Monday, December 30, 2013

2013: A Reader's View

I do this every year. Readers like to talk about what they read and I'm no exception. I ran a review blog for a few years, but wound it up earlier this year to do this instead and I also found I was starting to enjoy reading less when I had to think about what I was going to say in a review.

Although this isn't a review blog I do still read and I sometimes want to share my thoughts with others. In honour of that penchant I thought I'd write about the things I most enjoyed reading in 2013.

People may notice that these books weren't all released this year. This is a list of the things I most enjoyed reading and it's not meant to be representative of the genre, just my own personal taste, so it's not a best of either. I don't do it in any order as such. There are 5 entries this year.

Without further ado, here we go:

The Night Circus by Erin Morgenstern.

This extraordinary novel first came out in 2011 and it was on everyone's lips at the time. It took me a while to delve deep enough into the TBR pile to actually read it. Once I did I wished I'd done it sooner. I believe it started life as a Nanowrimo project, although the published work was considerably revised from the original concept.

The Night Circus is written wholly in present tense, despite the fact that its narrative moves back and forth over a number of years. It's lyrical and enchanting. The descriptions of the food and acts and seasons are so atmospheric that you can smell and feel them around you as you read. Its not a book one reads, it is a book one experiences.

The Girl Who Soared Over Fairyland and Cut the Moon in Two by Catherynne M. Valente.

Cat Valente's Fairyland books started as a fictional concept she mentioned in her novel Palimpsest and became a web publication then were published more widely.

They've introduced an entirely new audience to Cat's books and her marvelous writing. Cat performs magic with words and the adventures of young September in Fairyland far away from her dreary home in post WW II Nebraska are enchanting as she meets up with her old friends like the marid Saturday and the much loved Wyverary (a cross between a wyvern and a library) A through L (better known as Elle).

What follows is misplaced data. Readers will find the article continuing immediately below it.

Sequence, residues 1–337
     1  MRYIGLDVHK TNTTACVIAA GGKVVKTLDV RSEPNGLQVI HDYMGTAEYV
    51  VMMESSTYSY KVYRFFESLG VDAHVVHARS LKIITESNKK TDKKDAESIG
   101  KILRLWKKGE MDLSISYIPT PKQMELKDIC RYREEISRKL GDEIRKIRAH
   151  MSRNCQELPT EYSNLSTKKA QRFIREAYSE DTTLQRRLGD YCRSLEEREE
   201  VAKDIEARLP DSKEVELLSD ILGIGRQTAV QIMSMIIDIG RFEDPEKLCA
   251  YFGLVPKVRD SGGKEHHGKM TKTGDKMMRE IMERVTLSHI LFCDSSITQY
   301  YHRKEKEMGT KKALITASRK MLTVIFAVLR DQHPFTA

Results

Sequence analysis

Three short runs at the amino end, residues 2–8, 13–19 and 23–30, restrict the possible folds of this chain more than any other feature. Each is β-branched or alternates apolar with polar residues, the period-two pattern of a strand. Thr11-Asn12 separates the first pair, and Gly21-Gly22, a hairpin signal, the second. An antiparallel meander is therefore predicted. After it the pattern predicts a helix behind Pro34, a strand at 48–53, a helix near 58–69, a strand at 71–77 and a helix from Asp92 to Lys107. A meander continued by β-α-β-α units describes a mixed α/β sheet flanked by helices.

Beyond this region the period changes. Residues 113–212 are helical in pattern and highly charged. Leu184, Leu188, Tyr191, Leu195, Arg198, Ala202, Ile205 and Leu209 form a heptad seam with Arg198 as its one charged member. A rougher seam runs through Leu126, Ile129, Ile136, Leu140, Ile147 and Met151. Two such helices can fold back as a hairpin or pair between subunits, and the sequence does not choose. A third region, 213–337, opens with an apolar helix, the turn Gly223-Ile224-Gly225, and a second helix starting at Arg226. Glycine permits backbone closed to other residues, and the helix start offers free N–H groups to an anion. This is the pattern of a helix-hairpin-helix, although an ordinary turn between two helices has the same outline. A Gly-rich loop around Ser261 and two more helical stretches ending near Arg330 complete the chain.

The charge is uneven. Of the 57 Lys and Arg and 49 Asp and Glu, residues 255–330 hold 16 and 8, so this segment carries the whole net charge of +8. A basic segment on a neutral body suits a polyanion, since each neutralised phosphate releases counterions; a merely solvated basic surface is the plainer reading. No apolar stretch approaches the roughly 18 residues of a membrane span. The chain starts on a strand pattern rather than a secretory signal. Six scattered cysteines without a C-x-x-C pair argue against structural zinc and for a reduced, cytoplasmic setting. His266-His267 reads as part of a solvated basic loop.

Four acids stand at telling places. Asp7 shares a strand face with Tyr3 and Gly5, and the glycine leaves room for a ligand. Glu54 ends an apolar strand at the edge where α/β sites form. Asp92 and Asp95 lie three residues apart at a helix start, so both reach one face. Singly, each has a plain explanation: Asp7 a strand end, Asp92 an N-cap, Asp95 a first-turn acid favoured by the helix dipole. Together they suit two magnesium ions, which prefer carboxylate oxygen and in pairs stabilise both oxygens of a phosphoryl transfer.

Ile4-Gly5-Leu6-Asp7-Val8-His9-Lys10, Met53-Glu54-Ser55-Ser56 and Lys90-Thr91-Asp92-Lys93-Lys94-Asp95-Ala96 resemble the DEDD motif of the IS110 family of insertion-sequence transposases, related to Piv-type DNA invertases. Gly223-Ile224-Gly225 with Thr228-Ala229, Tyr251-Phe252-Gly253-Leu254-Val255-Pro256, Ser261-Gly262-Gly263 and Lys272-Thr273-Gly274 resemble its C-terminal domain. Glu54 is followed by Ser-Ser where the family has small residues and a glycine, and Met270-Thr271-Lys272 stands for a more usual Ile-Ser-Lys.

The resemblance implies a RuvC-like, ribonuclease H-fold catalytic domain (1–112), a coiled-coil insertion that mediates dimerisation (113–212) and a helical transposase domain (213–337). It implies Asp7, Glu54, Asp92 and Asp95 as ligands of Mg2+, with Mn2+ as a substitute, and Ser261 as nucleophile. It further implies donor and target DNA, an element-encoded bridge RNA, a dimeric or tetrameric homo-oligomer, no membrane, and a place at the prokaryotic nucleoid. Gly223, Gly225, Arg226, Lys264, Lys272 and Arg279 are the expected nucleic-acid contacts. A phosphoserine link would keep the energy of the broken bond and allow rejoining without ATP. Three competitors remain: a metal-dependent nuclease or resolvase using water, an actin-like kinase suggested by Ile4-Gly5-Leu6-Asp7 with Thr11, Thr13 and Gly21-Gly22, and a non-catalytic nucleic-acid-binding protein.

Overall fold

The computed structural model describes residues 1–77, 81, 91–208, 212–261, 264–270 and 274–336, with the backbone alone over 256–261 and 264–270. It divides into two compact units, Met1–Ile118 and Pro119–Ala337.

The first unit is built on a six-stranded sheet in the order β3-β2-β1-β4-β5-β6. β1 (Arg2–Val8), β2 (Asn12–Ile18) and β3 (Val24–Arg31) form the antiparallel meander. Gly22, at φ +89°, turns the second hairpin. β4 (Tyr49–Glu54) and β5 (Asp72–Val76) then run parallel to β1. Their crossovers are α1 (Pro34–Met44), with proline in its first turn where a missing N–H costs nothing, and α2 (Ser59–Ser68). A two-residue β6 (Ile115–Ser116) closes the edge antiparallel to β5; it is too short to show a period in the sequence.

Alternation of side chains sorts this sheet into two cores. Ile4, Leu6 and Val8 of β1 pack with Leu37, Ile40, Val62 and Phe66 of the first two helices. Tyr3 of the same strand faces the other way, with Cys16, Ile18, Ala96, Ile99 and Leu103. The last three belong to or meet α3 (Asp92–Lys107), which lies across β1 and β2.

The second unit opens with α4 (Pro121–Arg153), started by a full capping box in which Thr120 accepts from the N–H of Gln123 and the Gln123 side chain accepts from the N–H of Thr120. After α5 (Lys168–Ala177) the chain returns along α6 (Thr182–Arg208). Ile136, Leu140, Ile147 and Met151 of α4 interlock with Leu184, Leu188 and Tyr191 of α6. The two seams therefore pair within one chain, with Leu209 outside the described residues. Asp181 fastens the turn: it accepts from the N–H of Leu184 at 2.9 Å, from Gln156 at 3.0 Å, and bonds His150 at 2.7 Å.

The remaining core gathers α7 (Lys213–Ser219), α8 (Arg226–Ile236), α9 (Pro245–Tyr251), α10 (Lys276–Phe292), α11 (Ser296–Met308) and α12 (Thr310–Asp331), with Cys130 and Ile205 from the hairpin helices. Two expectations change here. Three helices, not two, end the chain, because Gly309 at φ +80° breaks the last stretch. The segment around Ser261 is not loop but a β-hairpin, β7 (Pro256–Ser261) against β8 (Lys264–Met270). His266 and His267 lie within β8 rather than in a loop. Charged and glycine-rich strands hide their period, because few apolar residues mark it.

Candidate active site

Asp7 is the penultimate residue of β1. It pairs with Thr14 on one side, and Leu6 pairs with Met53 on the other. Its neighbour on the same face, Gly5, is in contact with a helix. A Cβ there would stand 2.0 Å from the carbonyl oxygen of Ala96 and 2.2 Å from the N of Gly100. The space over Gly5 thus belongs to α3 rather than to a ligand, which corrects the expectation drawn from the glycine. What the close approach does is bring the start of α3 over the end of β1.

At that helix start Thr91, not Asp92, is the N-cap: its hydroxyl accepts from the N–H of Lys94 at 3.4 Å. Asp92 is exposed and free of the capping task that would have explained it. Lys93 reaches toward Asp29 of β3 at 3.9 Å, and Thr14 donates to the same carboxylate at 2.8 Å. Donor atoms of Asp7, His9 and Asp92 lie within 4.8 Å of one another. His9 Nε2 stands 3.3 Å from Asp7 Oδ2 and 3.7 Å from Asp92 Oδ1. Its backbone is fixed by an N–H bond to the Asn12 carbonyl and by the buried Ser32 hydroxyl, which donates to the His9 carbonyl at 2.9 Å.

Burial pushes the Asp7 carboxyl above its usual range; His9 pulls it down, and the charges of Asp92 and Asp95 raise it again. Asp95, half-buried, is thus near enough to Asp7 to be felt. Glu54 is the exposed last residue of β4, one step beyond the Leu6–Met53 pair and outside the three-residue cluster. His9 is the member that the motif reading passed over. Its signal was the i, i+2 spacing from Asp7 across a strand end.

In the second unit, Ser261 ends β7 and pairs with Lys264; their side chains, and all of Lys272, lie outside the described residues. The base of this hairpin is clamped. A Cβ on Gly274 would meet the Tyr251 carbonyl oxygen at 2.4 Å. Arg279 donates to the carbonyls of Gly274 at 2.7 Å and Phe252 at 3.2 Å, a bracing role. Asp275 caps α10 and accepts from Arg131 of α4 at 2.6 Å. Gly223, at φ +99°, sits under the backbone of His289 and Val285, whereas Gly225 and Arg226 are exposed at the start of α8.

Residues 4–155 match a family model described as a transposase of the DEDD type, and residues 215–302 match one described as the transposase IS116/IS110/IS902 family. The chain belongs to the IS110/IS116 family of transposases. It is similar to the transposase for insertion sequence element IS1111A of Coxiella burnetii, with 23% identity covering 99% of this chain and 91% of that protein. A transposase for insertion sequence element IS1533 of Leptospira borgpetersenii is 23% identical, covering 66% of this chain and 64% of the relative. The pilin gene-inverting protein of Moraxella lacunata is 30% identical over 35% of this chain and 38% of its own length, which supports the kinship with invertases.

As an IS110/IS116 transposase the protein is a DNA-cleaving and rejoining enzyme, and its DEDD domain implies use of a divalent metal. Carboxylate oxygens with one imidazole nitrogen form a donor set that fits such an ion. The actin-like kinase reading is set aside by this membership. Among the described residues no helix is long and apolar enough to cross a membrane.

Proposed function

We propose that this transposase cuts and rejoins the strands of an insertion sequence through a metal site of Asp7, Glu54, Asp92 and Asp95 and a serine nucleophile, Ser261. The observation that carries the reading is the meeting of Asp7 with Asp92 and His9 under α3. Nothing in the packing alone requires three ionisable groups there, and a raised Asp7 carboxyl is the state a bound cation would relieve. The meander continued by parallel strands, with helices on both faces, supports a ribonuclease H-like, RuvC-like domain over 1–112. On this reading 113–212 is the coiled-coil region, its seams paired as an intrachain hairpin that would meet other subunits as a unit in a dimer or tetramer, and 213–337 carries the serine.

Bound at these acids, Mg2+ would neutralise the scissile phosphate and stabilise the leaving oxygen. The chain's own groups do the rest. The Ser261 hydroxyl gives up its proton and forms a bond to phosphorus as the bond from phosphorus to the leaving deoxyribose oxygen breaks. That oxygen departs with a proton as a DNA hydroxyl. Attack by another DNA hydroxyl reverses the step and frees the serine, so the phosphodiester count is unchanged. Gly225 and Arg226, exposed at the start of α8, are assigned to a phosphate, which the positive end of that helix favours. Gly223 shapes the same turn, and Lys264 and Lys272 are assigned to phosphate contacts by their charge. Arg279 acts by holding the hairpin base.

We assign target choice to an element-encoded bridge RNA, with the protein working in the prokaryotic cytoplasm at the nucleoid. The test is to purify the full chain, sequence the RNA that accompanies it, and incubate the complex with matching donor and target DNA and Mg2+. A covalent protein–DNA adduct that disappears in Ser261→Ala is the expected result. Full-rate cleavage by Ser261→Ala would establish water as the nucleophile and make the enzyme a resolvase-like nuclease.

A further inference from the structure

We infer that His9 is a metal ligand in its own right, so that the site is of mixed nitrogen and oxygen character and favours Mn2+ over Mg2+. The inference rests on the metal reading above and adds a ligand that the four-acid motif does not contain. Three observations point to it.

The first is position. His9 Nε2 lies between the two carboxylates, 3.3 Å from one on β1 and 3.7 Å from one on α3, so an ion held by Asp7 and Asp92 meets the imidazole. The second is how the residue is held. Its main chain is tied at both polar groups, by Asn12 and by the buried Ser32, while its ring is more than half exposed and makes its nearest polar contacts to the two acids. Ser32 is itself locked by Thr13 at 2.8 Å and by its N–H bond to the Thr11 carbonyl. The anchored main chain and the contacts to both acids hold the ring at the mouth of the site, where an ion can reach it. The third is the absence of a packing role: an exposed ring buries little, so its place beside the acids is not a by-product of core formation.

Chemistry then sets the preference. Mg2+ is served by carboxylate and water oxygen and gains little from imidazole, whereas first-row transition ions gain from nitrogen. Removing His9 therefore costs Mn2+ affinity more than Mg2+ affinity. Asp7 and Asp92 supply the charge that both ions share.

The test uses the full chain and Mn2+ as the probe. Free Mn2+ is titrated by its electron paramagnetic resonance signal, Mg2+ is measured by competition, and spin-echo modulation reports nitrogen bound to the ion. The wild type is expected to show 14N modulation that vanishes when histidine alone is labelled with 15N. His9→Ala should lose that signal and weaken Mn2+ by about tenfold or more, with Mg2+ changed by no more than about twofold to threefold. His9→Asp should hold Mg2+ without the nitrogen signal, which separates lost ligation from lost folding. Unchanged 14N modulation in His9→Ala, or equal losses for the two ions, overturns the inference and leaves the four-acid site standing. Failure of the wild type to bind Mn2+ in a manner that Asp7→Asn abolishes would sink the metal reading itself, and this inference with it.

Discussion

A word of warning about this the 3rd instalment in the series, it ends on a cliff. However Cat's always been good about getting new ones out and they seem to come along on an annual basis. They're a yearly event I always look forward to.

Poison, Charm & Beauty by Sarah Pinborough.

I know that technically this is three books, not one, but they're all quite short and they really do go together as one book broken into three parts.

What Sarah Pinborough did here was take the stories of Snow White (Poison), Cinderella (Charm) and Sleeping Beauty (Beauty) subvert them wickedly and put them out as this delightfully sexy, funny and dark fairytale. She also managed to get a few other fairytales in there along the way, there are appearances by Aladdin, Red Riding Hood and Beauty and the Beast to name a few.

There are far worse ways to while away a few hours immersed in this delightful story. The best retellings I've read since Angela Carter's The Bloody Chamber.

The Milkweed Triptych by Ian Tregillis.

Okay, I'm probably cheating again by naming all three books under the one heading, but I can't help it. To me these aren't separate books. They're one broken into three parts for the convenience of marketing. It's also fairly important in this case to note that it's a triptych and not a trilogy. A triptych is usually a work of art that is separated into three panels that when unfolded form one story and that's the case with Milkweed.

The three books are in order: Bitter Seeds, The Coldest War and Necessary Evil. They all take place in an alternate WW II and Cold War setting and move back and forth through time. There are elements of fantasy and science fiction in them and while it sounds quite bizarre it all comes together seamlessly at the end.

It contains one of the most amazing and complex villains/heroes I can ever remember encountering and Gretel will stay with you long after you've closed Necessary Evil.

How this was plotted I will never know, but it was a brilliant achievement from beginning to end. If I could nominate it every year from now until a number of years into the future I would. It's that good.

The Republic of Thieves by Scott Lynch.

Oh come on! Everyone knew this was going to make the list. How could it not? Was it worth the wait? Some think not and while it has it's flaws they are few and far between, and I thought it was something that I didn't mind waiting for. The rereads of the earlier books in the series only improved them for me.

I did a proper review here.

Hopefully is enough of us vote for this we can get Scott a Hugo and although there has been talk that we will see the 4th book in the series (The Thorn of Emberlain) in 2014 I can remember hearing similar things about The Republic of Thieves, so I'm not holding my breath there.

This Book is Full of Spiders by David Wong.

The final book on the list is one of the first I read for the year. In 2012 I encountered a bizarre book called John Dies at the End. This Book is Full of Spiders is the sequel.

While it's a sequel, it contains the same characters and shares a setting with the original, both books are self contained.

Like its predecessor it is a huge amount of fun and while narrated by David and having plenty of John in it this is Amy's book and I love it for that. It's also misnamed. There are indeed space spiders from another dimension in it, but at the heart of it This Book is Full of Spiders is actually full of zombies and it's a zombie novel. If you don't believe me read it and you'll have more fun with zombies than you ever believed possible.

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